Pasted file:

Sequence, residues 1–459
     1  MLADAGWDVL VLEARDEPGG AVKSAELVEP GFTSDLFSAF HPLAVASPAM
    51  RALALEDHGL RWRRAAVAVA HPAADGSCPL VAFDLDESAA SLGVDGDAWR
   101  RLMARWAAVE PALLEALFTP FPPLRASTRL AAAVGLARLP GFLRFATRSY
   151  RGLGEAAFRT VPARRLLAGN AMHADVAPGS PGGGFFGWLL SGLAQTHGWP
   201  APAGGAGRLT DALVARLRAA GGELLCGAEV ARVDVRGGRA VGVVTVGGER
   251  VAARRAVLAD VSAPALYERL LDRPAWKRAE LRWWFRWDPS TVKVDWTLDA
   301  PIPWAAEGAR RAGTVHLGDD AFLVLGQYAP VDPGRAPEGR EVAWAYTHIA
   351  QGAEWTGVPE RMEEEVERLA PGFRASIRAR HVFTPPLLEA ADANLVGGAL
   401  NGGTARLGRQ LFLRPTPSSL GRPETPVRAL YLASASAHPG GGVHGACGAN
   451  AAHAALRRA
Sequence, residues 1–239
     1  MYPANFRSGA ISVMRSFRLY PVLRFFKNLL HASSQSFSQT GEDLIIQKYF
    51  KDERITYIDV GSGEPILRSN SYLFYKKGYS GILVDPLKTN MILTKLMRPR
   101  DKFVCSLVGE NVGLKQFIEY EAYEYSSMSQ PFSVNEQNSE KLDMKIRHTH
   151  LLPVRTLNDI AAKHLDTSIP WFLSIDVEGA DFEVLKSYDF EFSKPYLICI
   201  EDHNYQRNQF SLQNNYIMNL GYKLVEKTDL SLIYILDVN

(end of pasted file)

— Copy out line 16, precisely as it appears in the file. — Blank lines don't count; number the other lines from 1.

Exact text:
   151  LLPVRTLNDI AAKHLDTSIP WFLSIDVEGA DFEVLKSYDF EFSKPYLICI